Figure 3. (a) Schematic illustration of MAPbI3 PENG-based bimodal sensor, (b) corresponding pressure dependent output voltages revealing the pressure sensitivity, and (c) light-controlled piezoelectric output current signals at an applied constant pressure of 30 kPa. (ac) Reprinted with permission from ref. [34], Copyright 2018, The Royal Society of Chemistry. (d) Schematic representation of CsPbBr3 TENG-based bimodal sensor, (e) corresponding pressure dependent output voltage, and (f) responsivity of the device under various light intensities. (df) Reprinted with permission from ref. [35], Copyright 2021, The Royal Society of Chemistry. (g) Schematic sketch of MAPbI3-PVDF-based bimodal sensor in PENG mode, (h) corresponding pressure sensitivity under dark and illumination, (i) corresponding voltage change and responsivity with respect to light intensities, (j) digital images of various light environments used for real-time operation of the device, and (k) corresponding change in voltages. (gk) Reprinted with permission from ref. [24], Copyright 2020, American Chemical Society.

3. Conclusions, Outlooks, and Opportunities for Future Development

HPs have been recognized as potential entrants in numerous research fields, including solar cells, LEDs, nanogenerators, and photodetectors. Among these, the nanogenerators are the recent application of HPs. They are highly sensitive to various external perturbations, such as pressure, temperature, and light. Hence, controlling the performance of a nanogenerator under external perturbations such as temperature and pressure predominantly enabled it to be used as a self-powered temperature or pressure sensor, respectively, without dependency on a battery. Additionally, illuminating nanogenerator significantly changes their output performance owing to the combined optoelectronic properties with piezoelectric property, or the triboelectric effect. Such light-stimulated performances of nanogenerators prominently enabled them to be used as self-powered photodetectors to detect the type of light or quantity of light intensity. This progress report briefly discussed the structural, piezoelectric, pyroelectric, and triboelectric properties of nanogenerators of HP materials. After that, we discussed the working mechanisms of several nanogenerators, including PENG, TENG, and PyENG as self-powered pressure and temperature sensors. We discussed the operation of PENG and TENG, as self-powered photodetectors under light illumination and present the possible underlying mechanisms to deliver the light-controlled outputs. Thereafter, we provided an overview of the exploration of using HP-based nanogenerators to sense various external factors such as pressure, temperature changes, and light. It is seen from the examples discussed above that when a nanogenerator is subjected to a controlled exposure to these external stimuli, continuous output voltage and current change linearly, which is a prerequisite for realizing reliable sensing systems. The recently emerging bimodal/multimodal sensing applications of HPs were also reviewed in addition to the single-mode sensor devices. We suggest the future projections of the research towards developing single-structure multimodal sensing devices.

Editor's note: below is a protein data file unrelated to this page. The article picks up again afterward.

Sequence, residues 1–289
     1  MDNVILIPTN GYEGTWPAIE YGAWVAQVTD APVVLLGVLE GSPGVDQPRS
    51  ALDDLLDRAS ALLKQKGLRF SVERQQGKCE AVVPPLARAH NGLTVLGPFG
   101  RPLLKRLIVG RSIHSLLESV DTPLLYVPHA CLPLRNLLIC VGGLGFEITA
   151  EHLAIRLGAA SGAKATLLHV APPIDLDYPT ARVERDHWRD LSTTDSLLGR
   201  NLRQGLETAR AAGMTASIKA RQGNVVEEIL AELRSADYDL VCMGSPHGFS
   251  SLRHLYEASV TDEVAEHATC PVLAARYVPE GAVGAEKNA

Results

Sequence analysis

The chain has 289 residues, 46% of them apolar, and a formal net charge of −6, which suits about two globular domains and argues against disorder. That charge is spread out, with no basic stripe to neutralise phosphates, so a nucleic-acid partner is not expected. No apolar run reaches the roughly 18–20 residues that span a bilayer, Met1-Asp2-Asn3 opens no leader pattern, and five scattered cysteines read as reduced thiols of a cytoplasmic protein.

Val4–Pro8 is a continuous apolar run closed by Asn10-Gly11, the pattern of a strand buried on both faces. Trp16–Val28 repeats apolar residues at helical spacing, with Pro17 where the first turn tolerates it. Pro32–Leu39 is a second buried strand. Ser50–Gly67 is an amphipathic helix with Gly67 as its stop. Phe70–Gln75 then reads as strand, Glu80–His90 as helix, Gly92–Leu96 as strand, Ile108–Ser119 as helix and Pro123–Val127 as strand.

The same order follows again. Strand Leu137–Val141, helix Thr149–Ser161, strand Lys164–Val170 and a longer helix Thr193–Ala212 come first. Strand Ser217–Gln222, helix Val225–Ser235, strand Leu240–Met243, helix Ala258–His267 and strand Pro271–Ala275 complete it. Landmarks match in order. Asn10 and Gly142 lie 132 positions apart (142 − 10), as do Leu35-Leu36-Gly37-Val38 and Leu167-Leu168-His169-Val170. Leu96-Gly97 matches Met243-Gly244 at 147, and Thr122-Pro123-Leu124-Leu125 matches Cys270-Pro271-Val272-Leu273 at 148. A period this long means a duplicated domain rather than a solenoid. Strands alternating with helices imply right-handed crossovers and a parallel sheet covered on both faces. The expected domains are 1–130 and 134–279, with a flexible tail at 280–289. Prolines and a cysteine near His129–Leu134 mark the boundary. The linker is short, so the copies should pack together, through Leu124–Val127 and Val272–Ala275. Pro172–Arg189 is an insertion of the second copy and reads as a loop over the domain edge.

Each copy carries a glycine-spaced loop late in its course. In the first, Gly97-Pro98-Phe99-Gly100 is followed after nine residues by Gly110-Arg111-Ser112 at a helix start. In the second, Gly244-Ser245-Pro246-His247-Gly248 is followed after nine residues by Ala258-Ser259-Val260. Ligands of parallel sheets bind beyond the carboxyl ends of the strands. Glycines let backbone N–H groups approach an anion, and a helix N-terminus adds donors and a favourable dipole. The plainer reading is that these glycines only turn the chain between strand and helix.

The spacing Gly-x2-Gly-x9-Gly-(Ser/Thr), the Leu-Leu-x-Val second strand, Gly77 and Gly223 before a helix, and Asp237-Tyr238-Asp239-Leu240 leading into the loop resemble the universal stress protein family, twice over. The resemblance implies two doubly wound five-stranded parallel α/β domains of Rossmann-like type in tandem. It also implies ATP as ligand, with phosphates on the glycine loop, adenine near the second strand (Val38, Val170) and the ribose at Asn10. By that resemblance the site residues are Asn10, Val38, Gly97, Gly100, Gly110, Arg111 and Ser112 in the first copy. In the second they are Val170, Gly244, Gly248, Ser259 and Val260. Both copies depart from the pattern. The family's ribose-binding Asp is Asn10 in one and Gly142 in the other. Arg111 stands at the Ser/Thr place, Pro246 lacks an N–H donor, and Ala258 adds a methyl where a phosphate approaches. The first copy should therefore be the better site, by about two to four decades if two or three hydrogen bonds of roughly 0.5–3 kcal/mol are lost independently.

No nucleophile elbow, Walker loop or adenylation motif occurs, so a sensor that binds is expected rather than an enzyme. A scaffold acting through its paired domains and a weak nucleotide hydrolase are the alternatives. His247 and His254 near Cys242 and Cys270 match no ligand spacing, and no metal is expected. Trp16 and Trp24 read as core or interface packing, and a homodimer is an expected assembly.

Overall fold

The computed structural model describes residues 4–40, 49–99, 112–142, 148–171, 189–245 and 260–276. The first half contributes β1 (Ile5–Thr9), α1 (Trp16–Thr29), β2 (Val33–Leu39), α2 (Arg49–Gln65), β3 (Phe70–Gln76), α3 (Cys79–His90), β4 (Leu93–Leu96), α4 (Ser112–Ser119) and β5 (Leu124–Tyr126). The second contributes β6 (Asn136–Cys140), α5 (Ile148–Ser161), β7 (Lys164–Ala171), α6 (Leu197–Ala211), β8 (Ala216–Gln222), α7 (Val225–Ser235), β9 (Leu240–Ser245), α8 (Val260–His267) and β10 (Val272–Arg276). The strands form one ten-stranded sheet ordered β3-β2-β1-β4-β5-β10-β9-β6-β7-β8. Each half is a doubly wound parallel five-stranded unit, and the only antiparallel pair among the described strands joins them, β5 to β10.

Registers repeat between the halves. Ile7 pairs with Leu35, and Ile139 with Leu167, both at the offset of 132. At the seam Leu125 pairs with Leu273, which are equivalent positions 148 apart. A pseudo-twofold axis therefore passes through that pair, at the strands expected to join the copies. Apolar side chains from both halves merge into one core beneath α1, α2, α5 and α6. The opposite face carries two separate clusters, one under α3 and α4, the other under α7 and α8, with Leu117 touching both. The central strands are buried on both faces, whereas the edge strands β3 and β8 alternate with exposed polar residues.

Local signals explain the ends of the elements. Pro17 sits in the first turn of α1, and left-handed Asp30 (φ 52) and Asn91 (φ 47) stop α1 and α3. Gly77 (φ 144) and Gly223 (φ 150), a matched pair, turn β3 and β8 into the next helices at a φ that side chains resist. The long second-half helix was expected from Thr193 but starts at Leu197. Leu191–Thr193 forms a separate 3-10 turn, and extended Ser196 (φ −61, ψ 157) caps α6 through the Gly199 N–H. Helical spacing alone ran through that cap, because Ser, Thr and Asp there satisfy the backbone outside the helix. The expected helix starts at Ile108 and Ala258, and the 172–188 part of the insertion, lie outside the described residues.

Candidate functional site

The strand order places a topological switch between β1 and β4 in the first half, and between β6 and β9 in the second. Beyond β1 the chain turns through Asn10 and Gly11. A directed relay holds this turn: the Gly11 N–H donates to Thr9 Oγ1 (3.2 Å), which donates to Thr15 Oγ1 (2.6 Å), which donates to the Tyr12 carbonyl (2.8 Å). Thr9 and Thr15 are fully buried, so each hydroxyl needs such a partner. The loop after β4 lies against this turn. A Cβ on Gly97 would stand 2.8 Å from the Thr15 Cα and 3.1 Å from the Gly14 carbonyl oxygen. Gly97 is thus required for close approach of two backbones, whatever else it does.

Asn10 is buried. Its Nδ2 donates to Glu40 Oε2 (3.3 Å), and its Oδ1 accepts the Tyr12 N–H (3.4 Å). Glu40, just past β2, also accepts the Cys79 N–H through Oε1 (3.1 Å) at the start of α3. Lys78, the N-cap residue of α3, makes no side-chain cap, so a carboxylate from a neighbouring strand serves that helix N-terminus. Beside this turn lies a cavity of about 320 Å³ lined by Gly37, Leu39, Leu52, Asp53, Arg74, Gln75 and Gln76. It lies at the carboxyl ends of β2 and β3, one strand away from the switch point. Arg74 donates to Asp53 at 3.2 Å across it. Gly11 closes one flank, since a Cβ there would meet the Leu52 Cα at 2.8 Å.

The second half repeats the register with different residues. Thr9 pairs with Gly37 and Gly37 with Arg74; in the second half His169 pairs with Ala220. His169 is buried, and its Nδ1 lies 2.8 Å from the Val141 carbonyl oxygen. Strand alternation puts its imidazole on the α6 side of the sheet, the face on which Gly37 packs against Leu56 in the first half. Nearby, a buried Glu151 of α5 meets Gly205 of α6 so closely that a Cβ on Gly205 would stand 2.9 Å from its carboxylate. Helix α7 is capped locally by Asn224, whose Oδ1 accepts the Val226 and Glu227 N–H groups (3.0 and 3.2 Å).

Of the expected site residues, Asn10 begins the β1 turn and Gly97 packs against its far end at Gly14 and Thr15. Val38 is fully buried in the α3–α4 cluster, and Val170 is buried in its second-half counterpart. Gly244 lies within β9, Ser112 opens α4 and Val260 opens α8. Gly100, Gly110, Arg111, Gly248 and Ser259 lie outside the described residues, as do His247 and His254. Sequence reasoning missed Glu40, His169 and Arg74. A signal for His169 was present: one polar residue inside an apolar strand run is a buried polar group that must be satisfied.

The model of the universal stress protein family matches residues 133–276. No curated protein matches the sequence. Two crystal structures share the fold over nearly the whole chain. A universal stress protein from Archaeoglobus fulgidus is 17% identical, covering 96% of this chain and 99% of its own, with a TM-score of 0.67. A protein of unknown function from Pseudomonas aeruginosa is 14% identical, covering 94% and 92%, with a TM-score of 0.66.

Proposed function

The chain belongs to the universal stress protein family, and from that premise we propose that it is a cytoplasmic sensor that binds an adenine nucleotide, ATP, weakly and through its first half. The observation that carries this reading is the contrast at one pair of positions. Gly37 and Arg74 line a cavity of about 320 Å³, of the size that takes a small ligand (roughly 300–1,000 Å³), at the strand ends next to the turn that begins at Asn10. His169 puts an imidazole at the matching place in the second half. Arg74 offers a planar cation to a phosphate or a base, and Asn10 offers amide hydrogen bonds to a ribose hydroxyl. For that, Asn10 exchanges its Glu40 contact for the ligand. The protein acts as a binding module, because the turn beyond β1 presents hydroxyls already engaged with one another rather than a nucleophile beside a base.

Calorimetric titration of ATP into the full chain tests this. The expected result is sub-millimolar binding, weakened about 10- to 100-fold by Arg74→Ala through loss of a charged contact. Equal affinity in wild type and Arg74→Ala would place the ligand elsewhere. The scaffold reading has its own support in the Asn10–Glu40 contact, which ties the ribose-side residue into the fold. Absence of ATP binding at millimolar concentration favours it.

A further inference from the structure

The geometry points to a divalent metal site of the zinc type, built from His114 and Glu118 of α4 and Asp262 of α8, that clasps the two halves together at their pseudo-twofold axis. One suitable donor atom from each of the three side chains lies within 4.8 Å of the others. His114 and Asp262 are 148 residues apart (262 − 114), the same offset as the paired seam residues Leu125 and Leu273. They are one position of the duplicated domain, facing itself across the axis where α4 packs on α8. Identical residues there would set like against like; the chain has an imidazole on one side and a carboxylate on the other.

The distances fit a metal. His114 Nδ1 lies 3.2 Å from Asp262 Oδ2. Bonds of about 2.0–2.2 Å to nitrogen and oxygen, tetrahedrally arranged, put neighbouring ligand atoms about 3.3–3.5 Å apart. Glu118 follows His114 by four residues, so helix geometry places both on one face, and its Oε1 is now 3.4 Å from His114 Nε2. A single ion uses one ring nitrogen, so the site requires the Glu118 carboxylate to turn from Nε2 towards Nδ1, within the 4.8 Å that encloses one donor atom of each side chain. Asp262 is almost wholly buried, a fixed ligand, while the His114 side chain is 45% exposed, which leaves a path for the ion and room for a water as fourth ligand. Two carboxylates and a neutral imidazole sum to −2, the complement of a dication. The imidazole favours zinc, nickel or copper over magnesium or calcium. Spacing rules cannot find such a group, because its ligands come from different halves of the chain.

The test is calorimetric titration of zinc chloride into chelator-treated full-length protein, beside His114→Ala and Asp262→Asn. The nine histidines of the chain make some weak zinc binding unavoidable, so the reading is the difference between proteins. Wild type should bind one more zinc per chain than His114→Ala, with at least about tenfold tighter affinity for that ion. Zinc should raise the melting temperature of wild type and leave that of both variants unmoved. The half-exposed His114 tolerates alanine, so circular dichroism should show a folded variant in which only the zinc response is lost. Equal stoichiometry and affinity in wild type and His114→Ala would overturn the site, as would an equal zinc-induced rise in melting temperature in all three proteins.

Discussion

Improving sensitivity, performance, and long-term stability of HPs is challenging despite many studies involving HPs as active sensing materials in self-powered nanogenerator-based sensors. Therefore, we identify potential directions and opportunities for future research. Recently, numerous methods, such as surface passivation, compositional tuning, fine-doping, and polymer composites, have been used to improve the air-stability of HP materials [23][24][16]. Furthermore, it has been demonstrated that the layered 2D-HPs have significantly good air and moisture stability than the 3D-HPs because of long-chain organic molecules [36][37]. Additionally, these 2D-HPs offer extremely high piezo/ferroelectric properties, helping to construct flexible, high-performance nanogenerators and reliable sensors with high sensitivity and stability [38]. Additionally, the development of eco-friendly HP material-based self-powered sensors has been highly prioritized to alleviate the environmental and human health risks. Additionally, extending the investigation to combine three or more properties may be helpful in developing trimodal/multimodal sensors to detect multiple physical signals simultaneously using a single-structure device without any signal interference. For example, our group has reported a single-structure TPS-fusion generator capable of harvesting multiple energy sources, such as thermal, mechanical, and light energies owing to the multiple properties of comprised MAPbI 3 material [39]. Finally, the flexible and stretchable self-powered sensing systems have significant potential to be for e-skin and wearable electronic device applications in the future. In this regard, considerable research should be conducted on HP materials to develop self-powered stretchable multifunctional devices that can continuously operate in harsh environs.